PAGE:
Storage Sacks Keep Harvests Fresh Longer in Burkina Faso

Ouoba Kampari, a program beneficiary, packs cowpea into triple-lined sacks.
Ouoba Kampari packs cowpea into triple-lined sacks.
Catholic Relief Services
Triple-lined, pesticide-free sacks raise incomes and reduce risks
“I reinvested the benefits into sheep fattening, which will give me more money to buy more cowpeas.”

In Burkina Faso, thousands of hungry families are more food secure thanks to a new technique for storing product that is increasing post-harvest quantity and quality and raising farmers' incomes.

Fifty percent of households in Burkina Faso are chronically food insecure. With over 80 percent of the population working in agriculture, more productive harvests can have a large impact on vulnerable families.

A USAID program implemented by Catholic Relief Services emphasizes the importance of using improved agricultural practices to increase revenues for vulnerable, food-insecure families. One of these techniques is the use of triple-lined sacks.

Since the program’s launch in 2010, over 18,600 farmers have been using the sacks. Profits have doubled for many of the farmers, who are now able to store their cowpea production for at least six months after the harvest. The sacks increase storage time without pesticides and allow farmers to sell goods when prices are higher. For example, cowpea prices in Gayeri health district increased from 50 cents a kilogram during the harvest season in October 2012 to $1 a kilogram in February-April 2013.

“This is my third year of using the triple-lined bags, and they are very effective. I kept my stock of cowpeas long enough and sold it when prices were high on the market,” says Thiombiano Toumbendi, a farmer from Gayeri.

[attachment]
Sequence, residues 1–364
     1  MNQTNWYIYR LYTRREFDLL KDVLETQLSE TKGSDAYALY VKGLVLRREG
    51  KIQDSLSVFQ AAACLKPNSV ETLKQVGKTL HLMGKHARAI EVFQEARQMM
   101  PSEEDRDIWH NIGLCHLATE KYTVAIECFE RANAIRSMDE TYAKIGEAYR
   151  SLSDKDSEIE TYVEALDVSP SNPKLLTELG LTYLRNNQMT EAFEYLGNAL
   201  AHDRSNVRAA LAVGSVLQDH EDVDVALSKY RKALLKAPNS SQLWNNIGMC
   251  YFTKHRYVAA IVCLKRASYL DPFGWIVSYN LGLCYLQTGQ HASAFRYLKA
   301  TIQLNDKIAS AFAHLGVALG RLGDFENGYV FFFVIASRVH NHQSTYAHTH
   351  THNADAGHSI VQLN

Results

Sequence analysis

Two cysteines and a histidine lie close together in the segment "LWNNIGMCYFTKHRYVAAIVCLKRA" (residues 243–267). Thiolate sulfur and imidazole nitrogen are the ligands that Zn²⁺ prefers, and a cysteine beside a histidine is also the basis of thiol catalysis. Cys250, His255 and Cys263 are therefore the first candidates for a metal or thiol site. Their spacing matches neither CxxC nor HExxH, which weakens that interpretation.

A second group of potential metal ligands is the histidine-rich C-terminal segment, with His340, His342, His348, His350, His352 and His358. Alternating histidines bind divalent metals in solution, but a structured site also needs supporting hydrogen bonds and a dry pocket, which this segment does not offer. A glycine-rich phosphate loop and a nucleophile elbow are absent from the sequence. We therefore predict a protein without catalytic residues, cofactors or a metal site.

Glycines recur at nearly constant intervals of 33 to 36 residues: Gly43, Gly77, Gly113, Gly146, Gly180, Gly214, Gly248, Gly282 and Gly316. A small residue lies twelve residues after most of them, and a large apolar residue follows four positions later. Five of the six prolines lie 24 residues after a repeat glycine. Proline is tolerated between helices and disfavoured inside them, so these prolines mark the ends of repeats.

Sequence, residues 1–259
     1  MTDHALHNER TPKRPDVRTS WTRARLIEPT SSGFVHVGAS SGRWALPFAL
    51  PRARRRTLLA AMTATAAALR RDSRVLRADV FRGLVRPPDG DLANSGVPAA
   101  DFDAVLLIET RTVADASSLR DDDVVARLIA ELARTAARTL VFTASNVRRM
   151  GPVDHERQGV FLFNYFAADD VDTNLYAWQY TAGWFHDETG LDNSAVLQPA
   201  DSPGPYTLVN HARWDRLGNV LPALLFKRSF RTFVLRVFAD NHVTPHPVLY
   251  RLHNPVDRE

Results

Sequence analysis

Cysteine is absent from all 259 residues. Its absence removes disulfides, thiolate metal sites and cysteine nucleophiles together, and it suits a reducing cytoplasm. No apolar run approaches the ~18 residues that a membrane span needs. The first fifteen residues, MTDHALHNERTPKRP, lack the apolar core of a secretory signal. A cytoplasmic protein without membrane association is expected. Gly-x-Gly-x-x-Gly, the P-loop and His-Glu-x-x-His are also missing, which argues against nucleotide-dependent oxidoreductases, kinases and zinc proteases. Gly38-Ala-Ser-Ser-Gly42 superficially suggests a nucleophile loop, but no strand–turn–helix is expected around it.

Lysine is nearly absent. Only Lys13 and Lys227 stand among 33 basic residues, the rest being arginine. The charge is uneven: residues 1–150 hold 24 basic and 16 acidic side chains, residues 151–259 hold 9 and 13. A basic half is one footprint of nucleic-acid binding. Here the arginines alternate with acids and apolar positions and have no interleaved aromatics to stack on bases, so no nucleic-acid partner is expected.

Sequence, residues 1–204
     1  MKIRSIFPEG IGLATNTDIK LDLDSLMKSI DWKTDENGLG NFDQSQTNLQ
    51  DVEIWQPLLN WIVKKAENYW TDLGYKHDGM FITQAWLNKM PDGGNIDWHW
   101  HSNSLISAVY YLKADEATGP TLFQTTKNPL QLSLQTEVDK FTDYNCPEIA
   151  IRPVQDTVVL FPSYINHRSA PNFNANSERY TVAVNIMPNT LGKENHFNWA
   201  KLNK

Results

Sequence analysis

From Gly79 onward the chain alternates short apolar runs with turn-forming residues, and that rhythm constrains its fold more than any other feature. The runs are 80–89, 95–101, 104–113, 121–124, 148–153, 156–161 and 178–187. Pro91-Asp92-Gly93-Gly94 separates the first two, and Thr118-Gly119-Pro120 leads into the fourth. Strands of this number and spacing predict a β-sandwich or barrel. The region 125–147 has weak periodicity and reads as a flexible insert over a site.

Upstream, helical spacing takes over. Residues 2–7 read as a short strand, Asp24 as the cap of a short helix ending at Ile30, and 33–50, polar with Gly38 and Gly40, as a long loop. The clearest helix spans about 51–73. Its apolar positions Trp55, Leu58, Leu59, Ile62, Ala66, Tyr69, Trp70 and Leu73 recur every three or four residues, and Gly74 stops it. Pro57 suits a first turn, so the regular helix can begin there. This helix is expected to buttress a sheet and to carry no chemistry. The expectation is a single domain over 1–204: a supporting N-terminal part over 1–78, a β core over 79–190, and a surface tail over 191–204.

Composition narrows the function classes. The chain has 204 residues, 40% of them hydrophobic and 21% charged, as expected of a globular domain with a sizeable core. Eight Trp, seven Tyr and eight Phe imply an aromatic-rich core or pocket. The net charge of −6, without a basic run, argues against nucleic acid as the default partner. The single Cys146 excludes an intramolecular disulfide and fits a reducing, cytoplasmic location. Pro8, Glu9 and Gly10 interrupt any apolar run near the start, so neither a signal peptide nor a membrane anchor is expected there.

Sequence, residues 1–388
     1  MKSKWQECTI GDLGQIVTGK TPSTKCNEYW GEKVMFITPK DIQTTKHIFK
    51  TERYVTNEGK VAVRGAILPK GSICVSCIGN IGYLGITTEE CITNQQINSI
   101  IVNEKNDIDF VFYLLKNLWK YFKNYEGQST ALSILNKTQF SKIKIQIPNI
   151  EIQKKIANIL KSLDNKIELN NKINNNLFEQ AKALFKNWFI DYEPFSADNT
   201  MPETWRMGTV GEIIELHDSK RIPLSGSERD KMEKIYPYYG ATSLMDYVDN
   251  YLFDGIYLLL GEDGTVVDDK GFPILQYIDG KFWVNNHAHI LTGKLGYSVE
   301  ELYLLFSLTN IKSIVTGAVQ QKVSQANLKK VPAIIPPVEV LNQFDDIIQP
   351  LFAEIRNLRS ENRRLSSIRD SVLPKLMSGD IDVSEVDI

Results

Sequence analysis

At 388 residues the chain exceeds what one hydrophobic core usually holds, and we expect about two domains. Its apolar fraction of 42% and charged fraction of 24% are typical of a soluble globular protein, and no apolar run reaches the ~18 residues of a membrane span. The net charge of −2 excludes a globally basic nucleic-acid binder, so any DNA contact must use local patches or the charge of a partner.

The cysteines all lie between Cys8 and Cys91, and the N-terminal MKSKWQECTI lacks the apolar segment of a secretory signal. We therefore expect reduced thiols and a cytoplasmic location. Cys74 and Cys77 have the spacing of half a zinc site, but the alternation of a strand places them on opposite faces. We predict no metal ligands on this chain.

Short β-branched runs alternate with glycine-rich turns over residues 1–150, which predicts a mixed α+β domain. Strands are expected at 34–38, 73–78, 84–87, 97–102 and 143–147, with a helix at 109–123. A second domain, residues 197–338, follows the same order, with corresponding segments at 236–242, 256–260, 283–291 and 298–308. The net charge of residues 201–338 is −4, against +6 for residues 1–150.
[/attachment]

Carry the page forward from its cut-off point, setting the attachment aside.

Not only do the sacks increase storage time, but their well-built design also improves food quality and safety.

“When I opened the triple-lined bags some six months later, I was very pleased to notice that my stock of cowpeas was intact, as fresh looking as when I bagged it at harvest in October,” observes Ouoba Kampari, another program beneficiary from the Kpenkatougou village.

With storage no longer an issue, farmers such as Thiombiano and Kampari have significantly increased their cowpea production. With the profits from higher cowpea prices, they are able to turn to other income-generating activities.

“I reinvested the benefits into sheep fattening, which will give me more money to buy more cowpeas,” explains Toumbendi.

And while farmers have traditionally resorted to using chemicals to reduce insect infestation, triple-lined sacks have eliminated the need for chemicals to protect the food. Environmentally sound techniques like the sacks are reducing health risks while raising profits for vulnerable families in Burkina Faso.

“Prior to [the bags'] promotion in our area, we used chemical products to preserve the cowpeas. Not only did the practice present health risks, but we still observed infestation during the storage,” says Toumbendi. 

Locally manufactured by a company in Ouagadougou, triple-lined bags will eventually become part of a larger supply chain. The project is working to link farmers to established agricultural inputs providers. As a result, many farmers are starting to buy their triple-lined sacks directly from local merchant distributors who sell the sacks in markets and in the surrounding villages. 

Since the program began, over 33,000 Burkinabé households have increased their agricultural productivity, leading to an improvement in their food availability and overall food security.

USAID's $38 million, five-year Families Achieving Sustainable Outcomes program is designed to improve access to quality food throughout the year for vulnerable households in Burkina Faso. Spanning 2010-2015, the program targets over 58,000 households in three health districts of the northern and eastern regions of the country.

Last updated: November 06, 2013

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